Blue Note Re:imagined

Various Artists [Blue Note]

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Blue Note Re:imagined

It says something when arguably the most important label in jazz comes to London to find artists to cover classic tunes from its enviable back catalogue. And what it says is London is where it’s at in jazz today. Blue Note Re:imagined consists of 16 tunes chosen by a Who’s Who of contemporary British jazz artists alongside soul and R&B performers who bring a whole new take to some classic and lesser known tracks.

The titles chosen give a good idea of which artists from back in the day have maintained a reputation over 50 years since they were in the studio, sax player Joe Henderson for instance gets two covers as do Wayne Shorter and Herbie Hancock. The line-up assembled for the Re:imagined project includes horn player and composer extraordinaire Shabaka Hutchings, keyboard groover Alfa Mist and female saxophonist, Nubya Garcia. Alongside them are hipsters like Ezra Collective, Steam Down and Jordan Rakei, while the soul and R&B world is represented by Poppy Ajudha who has written words for Herbie Hancock’s ‘Watermelon Man’, and Yazmin Lacey singing ‘I’ll Never Stop Loving You’.

Being a woman in what’s long been a man’s world has made Nubya Garcia the darling of the scene, lauded by the likes of Gilles Peterson for her talents and the breadth of her work. Here she takes on Joe Henderson’s ‘A Shade of Jade’ from 1966, she’s backed by fluent keyboards and a drummer who knows just how far to push things when it comes to keeping the beat interesting but on track. Which leaves plenty of space for Garcia to trace and expand on the themes set down by Henderson. The sound is punchy and dense with little of the analogue openness found on Blue Note’s originals, here the emphasis is on groove rather than instrumental virtuosity, which is why these artists appeal to a younger listener; essentially it’s more accessible and that’s got to be a good thing.

Steam Down bring a very fresh vibe to Wayne Shorter’s ‘Etcetera’, they are described as mixing afro-swing, grime, jazz and future soul, singer Ahnansé citing Shorter as a long time favourite among jazz composers and saxophonists. Not that there are any saxophones on this, vocals and keyboards take the lead over dynamic drums and a backdrop of synth and other sounds. The chords are really the only aspect that clearly come from the original.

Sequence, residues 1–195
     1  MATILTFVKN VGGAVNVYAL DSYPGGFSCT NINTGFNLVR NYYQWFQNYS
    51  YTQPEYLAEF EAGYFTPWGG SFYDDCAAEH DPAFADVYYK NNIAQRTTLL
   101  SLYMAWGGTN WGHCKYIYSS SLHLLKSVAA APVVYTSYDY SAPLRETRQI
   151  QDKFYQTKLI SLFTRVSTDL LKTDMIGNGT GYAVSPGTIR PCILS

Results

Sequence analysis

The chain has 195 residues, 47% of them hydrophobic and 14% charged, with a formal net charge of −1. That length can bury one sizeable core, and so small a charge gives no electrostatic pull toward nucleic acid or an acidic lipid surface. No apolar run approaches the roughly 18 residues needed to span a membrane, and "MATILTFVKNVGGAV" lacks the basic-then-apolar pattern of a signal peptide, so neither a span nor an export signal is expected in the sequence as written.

Alfa Mist sticks a bit closer to Eddie Henderson’s ‘Galaxy’ from the 1975 album Sunburst, it’s a great tune and required little more than a sonic update to make it fit. The artist has a lovely touch on the Fender Rhodes electric piano and the choice of atmospheric sounds works a treat, especially when the bass sax of Shabaka Hutchings joins the fray. Both musicians understand the need for light and shade, they guide the sound with skill and finesse and deliver one of the most enduring tracks on this collection.

Hutchings himself chose the very fine ‘Prints Tie’ by vibes legend Bobby Hutcherson, an inspired choice possibly influenced by the presence of tenor player Harold Land on the 1970 original. Once again his bass sax oozes its glorious tone over the soundscape, building in restrained fashion to a controlled climax with electric guitar, double bass and drums. The atmosphere is electric and the subtlety of the rhythm section a distinct change to many of the tracks around it. Hancock’s ‘Maiden Voyage’ forms the basis of Mr Jukes’s (Jack Steadmand from Bombay Bicycle Club) contribution to Re:imagined, his Rhodes keys augmented by a strong beat and expansive backing vocals on a version that is very easy on the ear. Jorja Smith picked the most up to date track in St. Germain’s stand out ‘Rose Rouge’ from 2000. This is a bona fide ‘choon’ and a hard act to follow given that that Ludovic Navarre sampled Marlena Shaw on the original, but Smith does it justice merely by having the nous to get it on here.

I enjoyed the variety and vitality of these renditions and the fact that the album revealed so many forgotten gems in the Blue Note catalogue, if you want to get a handle of British jazz in the year of the plague look no further.

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